Internal polarization of Middle East has reached a critical level. Engagement lines and hotbeds of tensions increase both between Sunnite (Saudi Arabia) and Shiite (Iran) power centers and inside the Arab world. Leading players in the region are getting more and more involved into confrontation with Turkey, Saudi Arabia’s failed partner.
One of the powers behind that polarization is the Middle East Quartet – Saudi Arabia, Egypt, Bahrain and UAE, the major promoters of the new large-scale project in the region i.e. Arab nationalism based on “moderate Islam.”
Saudi Crown Prince Mohammed bin-Salman has almost full power in the largest Arab monarchy under his elderly father, King Salman bin-Abdul-Aziz al-Saud. The 32-year old crown prince is believed to be the ideological promoter of the project that is, in fact, designed to fight the Islamic Republic of Iran. Under flags of Arab nationalism and moderate Islam, the Quarter seeks to get more impressive configuration in the fight against its Shiite rival. However, Saudi crown prince’s efforts have not resulted in such expansion yet.
Jordan and Kuwait, in turn, support the Arab nationalism doctrine, at large, but they avoid tough talks against Tehran. Anti-Iranian initiatives of Saudi Arabia in the League of Arab States are ignored by Iraq and Lebanon.
Pakistan prefers close military and political relations with Saudi Arabia to promising economic ties with Iran. Islamabad that is de-facto the only Islamic nuclear capital, even offers “security guarantees” to Saudi Arabia in the fight against Iran. However, there is nothing certain about this so far.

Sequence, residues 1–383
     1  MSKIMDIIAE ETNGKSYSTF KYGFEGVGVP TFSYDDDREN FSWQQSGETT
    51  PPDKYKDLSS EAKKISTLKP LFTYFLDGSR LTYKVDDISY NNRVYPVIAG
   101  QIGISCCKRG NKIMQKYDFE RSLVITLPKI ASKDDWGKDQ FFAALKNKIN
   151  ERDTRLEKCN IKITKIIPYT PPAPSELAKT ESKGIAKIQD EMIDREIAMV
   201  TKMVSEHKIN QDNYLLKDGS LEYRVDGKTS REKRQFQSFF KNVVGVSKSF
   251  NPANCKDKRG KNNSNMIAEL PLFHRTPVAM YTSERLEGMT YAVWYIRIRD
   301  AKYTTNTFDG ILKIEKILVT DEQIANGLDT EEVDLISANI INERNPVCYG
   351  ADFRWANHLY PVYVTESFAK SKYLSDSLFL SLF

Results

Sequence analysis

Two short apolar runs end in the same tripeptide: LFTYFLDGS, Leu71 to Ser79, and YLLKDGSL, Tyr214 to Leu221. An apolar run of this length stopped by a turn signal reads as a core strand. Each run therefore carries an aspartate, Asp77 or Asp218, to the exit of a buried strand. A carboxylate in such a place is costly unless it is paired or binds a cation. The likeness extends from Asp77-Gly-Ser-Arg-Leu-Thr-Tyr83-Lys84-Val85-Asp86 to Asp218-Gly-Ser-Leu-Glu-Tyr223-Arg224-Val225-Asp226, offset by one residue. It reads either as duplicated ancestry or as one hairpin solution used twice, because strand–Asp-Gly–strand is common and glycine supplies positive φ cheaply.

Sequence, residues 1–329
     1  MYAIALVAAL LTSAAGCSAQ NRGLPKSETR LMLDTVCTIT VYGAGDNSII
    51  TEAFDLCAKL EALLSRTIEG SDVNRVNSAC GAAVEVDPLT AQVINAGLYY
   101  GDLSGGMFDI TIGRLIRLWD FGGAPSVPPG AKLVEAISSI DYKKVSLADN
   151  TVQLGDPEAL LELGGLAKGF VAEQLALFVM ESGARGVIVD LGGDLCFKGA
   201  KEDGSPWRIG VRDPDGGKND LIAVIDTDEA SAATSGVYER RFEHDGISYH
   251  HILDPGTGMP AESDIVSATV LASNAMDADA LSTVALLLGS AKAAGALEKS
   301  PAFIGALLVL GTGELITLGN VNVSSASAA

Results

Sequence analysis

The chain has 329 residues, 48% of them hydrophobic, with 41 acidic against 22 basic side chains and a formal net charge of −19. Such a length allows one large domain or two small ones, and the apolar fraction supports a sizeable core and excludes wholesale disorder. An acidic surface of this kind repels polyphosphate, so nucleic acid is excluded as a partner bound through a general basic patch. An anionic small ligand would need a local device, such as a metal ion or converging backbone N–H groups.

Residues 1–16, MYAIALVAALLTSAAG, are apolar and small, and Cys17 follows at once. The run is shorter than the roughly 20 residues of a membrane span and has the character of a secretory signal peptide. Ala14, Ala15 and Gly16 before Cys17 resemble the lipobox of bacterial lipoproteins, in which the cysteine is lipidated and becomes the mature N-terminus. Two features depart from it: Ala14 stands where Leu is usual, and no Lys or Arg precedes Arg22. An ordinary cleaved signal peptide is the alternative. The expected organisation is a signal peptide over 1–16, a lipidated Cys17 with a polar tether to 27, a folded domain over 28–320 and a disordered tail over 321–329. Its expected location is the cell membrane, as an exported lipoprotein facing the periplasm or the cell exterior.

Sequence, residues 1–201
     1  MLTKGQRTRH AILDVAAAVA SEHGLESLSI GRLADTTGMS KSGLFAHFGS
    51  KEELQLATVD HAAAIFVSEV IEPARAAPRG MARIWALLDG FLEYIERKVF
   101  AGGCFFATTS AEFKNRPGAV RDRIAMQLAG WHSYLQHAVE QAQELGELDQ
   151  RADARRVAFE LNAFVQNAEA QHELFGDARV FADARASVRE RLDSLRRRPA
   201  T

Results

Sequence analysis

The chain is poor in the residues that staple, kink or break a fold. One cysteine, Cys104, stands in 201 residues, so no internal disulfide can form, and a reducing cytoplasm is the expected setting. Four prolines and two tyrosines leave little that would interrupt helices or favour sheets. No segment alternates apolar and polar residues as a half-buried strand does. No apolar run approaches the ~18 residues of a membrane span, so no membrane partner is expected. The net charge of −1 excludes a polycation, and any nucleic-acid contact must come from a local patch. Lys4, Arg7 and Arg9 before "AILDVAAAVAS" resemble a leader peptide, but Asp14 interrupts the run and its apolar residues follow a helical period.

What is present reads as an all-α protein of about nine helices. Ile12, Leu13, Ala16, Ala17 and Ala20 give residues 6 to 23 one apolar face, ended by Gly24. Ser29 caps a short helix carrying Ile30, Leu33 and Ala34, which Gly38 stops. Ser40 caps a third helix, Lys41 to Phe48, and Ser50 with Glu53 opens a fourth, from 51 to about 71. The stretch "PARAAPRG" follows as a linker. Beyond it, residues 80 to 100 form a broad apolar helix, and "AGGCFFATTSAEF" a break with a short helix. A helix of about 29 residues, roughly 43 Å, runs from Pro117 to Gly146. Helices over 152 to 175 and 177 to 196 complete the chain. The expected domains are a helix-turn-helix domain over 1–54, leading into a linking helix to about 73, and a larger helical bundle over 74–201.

Finally, United States and even traditional geopolitical antipode of the region, Israel, are ready to join the anti-Iranian “progressive Arab nationalism.”
“Malicious tongues” among expert society in the Middle East say Saudi Crown Prince has hastily announced the doctrine – it has not been finalized and is in the process of development along with growing polarization – to win Israel to its side. Having no traditional “superstitions” of the Arab world, the young monarch is ready to cooperate with the most technologically and economically developed country in the Middle East having highly-capable army and powerful intelligence in the region. This irritates the non-Quartet Arab countries and other major forces, including Turkey.
The latter is a special issue of Saudi Arabia, its energetic future king and closest allies in the Quartet. Riyadh’s efforts to win Ankara to its side and oppose Tehran have failed. After President Recep Tayyip Erdogan’s visit to Saudi Kingdom in March and December 2015, Turkey has gradually got rid of Saudi influence. Ankara has not only rejected Saudi Arabia’s generous promises of investments in economy in exchange for confrontation with Iran, but also took anti-Saudi stance in some regional issues.